Fellow reliever Brandon Kintzler told him.
"It means a lot. When you're right there with a Hall of Famer, I take a lot of pride in that," Rodriguez said. "But at the same time, I'm not pitching for records at all. I pitch because I like this game, not for records or anything.
"But it's a privilege for me to be on that list. Definitely, it is."
Rodriguez did not expect to join that list on Saturday, not after a Rickie Weeks error led to a five-run Pirates rally and a Brewers deficit against Jason Grilli in the top of the ninth inning. When Ryan Braun stepped to the plate with a man on, Rodriguez stood up and prepared to get loose. If Braun reached base, Rodriguez would begin to warm up.
Instead, Braun lined a go-ahead home run right into the Brewers' bullpen.
"I hadn't even stretched," Rodriguez said. "I turn around and the ball is coming flying into us, so I had to start getting ready quick. The only thing that saved me was -- it might sound bad -- but [Aramis Ramirez] getting hit by a pitch, so I got a little more time to get what I need."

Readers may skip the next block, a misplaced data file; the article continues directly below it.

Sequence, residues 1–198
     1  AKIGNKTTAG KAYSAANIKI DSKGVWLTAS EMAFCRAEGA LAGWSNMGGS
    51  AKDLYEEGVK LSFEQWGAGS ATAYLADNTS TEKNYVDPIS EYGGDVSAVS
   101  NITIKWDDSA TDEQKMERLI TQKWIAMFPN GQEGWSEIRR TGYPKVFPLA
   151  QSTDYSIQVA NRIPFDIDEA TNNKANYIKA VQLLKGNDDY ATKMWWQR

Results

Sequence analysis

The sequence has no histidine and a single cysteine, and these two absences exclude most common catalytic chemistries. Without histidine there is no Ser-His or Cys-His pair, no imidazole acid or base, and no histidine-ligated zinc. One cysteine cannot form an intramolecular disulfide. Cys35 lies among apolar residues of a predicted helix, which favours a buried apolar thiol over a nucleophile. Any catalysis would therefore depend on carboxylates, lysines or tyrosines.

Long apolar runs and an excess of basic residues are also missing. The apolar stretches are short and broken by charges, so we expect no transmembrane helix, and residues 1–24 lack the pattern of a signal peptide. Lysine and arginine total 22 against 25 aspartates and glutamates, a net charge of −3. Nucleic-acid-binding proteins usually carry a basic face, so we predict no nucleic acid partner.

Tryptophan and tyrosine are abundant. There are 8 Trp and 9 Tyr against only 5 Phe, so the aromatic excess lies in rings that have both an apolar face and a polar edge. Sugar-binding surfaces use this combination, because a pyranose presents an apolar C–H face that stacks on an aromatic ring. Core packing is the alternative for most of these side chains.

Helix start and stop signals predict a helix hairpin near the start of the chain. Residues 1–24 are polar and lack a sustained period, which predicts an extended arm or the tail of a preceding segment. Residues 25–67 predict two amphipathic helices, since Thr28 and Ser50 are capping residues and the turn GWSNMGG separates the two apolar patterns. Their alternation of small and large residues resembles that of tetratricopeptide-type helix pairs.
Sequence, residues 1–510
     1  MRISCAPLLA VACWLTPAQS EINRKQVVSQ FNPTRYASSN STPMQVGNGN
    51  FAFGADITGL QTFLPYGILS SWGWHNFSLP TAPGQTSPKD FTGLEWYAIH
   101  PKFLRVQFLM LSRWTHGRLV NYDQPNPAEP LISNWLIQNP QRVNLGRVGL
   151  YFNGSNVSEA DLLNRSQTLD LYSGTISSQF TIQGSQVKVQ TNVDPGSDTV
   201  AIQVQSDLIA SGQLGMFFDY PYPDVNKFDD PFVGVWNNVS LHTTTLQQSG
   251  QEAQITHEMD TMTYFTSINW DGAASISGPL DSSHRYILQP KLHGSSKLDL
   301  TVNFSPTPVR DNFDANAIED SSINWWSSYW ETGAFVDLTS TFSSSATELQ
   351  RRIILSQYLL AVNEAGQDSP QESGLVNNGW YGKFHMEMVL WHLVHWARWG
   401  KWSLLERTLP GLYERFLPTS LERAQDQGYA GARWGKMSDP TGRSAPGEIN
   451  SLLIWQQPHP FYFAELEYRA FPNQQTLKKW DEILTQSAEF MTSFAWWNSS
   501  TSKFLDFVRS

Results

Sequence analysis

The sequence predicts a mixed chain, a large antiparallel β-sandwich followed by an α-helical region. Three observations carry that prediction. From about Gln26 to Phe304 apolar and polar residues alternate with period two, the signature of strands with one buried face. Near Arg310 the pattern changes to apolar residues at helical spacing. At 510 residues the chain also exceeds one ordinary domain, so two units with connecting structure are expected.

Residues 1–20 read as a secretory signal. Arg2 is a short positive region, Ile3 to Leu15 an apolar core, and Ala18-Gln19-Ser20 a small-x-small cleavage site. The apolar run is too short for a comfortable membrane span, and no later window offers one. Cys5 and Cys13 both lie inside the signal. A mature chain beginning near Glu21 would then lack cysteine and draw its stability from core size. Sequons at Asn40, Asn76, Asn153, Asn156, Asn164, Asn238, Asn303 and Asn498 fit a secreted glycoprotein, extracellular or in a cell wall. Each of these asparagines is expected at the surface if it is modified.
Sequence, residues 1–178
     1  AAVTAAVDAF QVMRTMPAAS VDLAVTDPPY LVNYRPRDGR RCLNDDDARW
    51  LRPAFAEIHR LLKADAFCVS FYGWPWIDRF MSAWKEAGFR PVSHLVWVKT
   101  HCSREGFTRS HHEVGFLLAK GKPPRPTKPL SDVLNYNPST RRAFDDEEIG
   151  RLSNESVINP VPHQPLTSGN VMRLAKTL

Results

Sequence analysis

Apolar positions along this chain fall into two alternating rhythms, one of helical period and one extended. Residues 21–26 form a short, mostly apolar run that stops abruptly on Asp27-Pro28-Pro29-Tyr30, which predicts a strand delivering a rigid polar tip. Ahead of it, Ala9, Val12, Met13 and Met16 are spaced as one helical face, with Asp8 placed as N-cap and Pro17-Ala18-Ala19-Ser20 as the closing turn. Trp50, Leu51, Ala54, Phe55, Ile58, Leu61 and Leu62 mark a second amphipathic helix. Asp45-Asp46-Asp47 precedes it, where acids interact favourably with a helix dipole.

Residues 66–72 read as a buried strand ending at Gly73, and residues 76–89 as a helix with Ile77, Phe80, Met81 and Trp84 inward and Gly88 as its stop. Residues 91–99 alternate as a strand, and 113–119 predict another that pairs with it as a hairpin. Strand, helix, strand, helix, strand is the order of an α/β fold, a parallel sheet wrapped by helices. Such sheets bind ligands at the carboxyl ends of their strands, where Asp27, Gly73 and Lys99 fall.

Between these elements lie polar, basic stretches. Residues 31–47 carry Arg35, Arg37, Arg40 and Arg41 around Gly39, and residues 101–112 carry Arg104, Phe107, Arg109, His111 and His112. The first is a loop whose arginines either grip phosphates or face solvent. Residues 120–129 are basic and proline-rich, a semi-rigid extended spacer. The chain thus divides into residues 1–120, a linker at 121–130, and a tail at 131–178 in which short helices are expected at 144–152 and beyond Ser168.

Rodriguez went through the same routine twice on Sunday, first when Braun tied the game at 2 with another ninth-inning home run off Grilli, and again after Khris Davis homered in the 14th for the Brewers' first lead. Rodriguez surrendered a two-out single to Pedro Alvarez, but struck out Starling Marte to end the game.
The next man for Rodriguez to catch on the all-time list is former San Francisco Giant Robb Nen, who saved 314 games from 1993-2002.
"[Rodriguez] is not that old, either," Brewers manager Ron Roenicke said, "so hopefully he'll get a lot more. He's throwing the ball really well."
Adam McCalvy is a reporter for MLB.com. Read his blog, Brew Beat, and follow him on Twitter at @AdamMcCalvy. This story was not subject to the approval of Major League Baseball or its clubs.